claimed a part of my heart that I never knew existed.

Although we are separated today by what feels like a solid
wall of fear, hurt, and deceit, I am happy to take this time today to celebrate
all that she is, and all that she will become. 

If I could give her one piece of advice right now, it would
be this: Don’t let yesterday take up too much of today.

Projecting

I tell Catch often that she is my favorite person on earth. It seems to me that if you’re going to spend the rest of your life with someone, that’s how it should be. I feel Ike I hit the wife jackpot when I met her. I am the hot air balloon, and she is my tether. I would be lost without her.

We count on each other for reality checks. When I am off in left field, she guides me home. When she is afraid to move forward, I take her hand and lead the way.

And so it has been with all of our talk of baby.

Two weeks ago, I emailed her a couple of donors I found that fit our distinct, but relaxed criteria. She says redhead. I say blue eyes (like her) and athletic (also like her). I plug it in, and have a bit of light reading. Seriously light. There are so few redheaded donors out there.

So I sent her three and heard nothing from her. The days got away from us, and I started to worry that she wasn’t responding because she’s not all in on the baby “situation.” (There’s a funny story there, but for another day…) My worry manifests and I try to take the subtle approach to feeling her out. I load my Pinterest boards with nurseries and baby books and Disney movies from our childhoods. She is a frequent pinner, so I hope she will comment or repin or like… Anything. But there is nothing. So my fear grows.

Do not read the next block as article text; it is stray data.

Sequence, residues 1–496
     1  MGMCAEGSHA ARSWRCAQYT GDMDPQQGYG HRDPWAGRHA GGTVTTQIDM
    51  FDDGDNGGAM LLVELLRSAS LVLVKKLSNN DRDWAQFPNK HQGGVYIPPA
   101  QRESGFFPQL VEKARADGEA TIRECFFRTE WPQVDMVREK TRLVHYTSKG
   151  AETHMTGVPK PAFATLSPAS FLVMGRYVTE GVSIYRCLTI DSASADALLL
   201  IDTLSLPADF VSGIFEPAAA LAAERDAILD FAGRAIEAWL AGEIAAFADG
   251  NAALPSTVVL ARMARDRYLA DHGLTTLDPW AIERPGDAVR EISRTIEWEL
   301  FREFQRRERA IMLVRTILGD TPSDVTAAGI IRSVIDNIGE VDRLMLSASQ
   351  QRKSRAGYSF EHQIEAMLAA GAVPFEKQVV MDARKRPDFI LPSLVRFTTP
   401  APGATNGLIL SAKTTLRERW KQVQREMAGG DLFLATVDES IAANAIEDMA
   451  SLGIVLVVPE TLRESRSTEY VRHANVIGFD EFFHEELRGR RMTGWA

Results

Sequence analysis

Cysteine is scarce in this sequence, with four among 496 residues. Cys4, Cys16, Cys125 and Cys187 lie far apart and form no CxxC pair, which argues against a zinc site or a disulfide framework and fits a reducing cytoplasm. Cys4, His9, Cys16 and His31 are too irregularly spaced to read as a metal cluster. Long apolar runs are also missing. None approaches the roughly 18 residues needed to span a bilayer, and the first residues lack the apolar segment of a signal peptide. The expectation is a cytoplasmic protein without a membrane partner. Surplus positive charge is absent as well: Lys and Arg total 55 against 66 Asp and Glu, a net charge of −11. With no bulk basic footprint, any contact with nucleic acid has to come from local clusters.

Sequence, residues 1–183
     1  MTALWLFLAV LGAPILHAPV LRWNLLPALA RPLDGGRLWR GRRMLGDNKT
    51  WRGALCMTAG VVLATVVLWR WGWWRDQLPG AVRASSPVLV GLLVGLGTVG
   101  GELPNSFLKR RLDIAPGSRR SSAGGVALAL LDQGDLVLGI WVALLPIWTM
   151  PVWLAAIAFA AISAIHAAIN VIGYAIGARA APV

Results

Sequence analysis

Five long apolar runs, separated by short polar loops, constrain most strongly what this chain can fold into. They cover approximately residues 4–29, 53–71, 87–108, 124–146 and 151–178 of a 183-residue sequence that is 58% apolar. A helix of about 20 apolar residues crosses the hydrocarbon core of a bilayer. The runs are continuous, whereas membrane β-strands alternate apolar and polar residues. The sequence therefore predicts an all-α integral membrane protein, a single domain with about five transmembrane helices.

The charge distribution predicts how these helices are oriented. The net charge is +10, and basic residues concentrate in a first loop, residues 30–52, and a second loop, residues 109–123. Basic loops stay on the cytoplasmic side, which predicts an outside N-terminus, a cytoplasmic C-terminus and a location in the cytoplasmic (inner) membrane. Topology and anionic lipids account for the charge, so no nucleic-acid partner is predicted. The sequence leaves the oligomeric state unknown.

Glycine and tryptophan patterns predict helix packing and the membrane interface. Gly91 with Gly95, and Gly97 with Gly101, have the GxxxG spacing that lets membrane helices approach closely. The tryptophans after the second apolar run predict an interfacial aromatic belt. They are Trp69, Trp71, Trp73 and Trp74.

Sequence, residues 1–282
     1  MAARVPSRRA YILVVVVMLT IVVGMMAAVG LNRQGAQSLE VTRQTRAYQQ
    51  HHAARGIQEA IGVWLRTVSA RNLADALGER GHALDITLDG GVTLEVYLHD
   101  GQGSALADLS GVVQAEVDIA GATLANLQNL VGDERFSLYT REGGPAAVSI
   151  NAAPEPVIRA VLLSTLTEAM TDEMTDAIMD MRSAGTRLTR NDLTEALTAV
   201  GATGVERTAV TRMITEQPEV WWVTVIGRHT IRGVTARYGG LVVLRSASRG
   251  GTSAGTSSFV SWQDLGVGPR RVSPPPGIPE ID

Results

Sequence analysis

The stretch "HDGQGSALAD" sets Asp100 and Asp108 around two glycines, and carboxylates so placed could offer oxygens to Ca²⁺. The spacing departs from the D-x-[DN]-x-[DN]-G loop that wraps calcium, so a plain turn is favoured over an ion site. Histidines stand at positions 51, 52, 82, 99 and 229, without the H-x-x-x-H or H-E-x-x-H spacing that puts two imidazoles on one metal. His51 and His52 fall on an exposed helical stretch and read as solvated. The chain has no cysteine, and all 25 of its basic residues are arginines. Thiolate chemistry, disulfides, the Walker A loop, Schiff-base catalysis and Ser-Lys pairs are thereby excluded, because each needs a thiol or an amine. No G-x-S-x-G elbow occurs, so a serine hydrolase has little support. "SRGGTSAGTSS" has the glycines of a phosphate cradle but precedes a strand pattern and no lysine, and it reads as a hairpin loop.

Finally, I am feeling hurt. I have not mentioned a word about anything to her, and yet I am holding her lack of action against her. Projecting. It’s what I do best.

Until last night when my mood bursts, and she looks at me like I’m a crazy person and tells me to calm down. She does work at a Catholic school–do I expect her to be researching sperm donors while she teaches? Hmm. Whoops.

So we sit together. I pull up the profiles. She reads. We eliminate one entirely, and we rank the other two in order of preference.

She sheds a few tears. It hurts her that we can’t create this baby without outside assistance. I understand. I reassure. We snuggle on the couch and talk about it all. From houses to little league and strollers.

Today, I bought a basal thermometer. Fertility friend, here I come…

We’re doing this… And there’s no one on earth I’d rather do it with.

Tidbits

  1. That line in the movie Juno where stepmom comments on how prenatal vitamins do amazing things for your nails?  It's so true.  Seriously, my nails have never been this healthy in my life.  It's crazy.
  2. My friend's 5-year old daughter was just in my office.  She commented on the view from my windows and then gave me some advice that I would like to leave you all with today:

DON'T JUMP.

Man, I love me some 5 year olds.

The Baby Thing

We haven’t told very many people close to us that we’ve
reached a point where we’re serious about the “baby thing.”  My mom and dad know—mostly because my mom is
beside herself wanting a grandchild.  I
also told her because we’re close that way—we talk about these things.  I value her insight, and I feel like of all